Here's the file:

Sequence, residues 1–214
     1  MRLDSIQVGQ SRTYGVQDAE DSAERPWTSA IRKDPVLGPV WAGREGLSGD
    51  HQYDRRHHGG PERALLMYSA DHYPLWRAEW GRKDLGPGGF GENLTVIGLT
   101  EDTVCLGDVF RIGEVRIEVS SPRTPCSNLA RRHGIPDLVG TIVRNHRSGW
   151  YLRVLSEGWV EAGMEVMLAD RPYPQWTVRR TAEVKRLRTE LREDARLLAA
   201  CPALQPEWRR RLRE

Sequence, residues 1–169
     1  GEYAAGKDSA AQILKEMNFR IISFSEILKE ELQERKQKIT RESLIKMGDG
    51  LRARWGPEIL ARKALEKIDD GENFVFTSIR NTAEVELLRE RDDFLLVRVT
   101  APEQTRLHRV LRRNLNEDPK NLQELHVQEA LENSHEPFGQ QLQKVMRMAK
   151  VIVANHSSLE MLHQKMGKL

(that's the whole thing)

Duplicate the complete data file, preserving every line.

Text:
Sequence, residues 1–214
     1  MRLDSIQVGQ SRTYGVQDAE DSAERPWTSA IRKDPVLGPV WAGREGLSGD
    51  HQYDRRHHGG PERALLMYSA DHYPLWRAEW GRKDLGPGGF GENLTVIGLT
   101  EDTVCLGDVF RIGEVRIEVS SPRTPCSNLA RRHGIPDLVG TIVRNHRSGW
   151  YLRVLSEGWV EAGMEVMLAD RPYPQWTVRR TAEVKRLRTE LREDARLLAA
   201  CPALQPEWRR RLRE

Sequence, residues 1–169
     1  GEYAAGKDSA AQILKEMNFR IISFSEILKE ELQERKQKIT RESLIKMGDG
    51  LRARWGPEIL ARKALEKIDD GENFVFTSIR NTAEVELLRE RDDFLLVRVT
   101  APEQTRLHRV LRRNLNEDPK NLQELHVQEA LENSHEPFGQ QLQKVMRMAK
   151  VIVANHSSLE MLHQKMGKL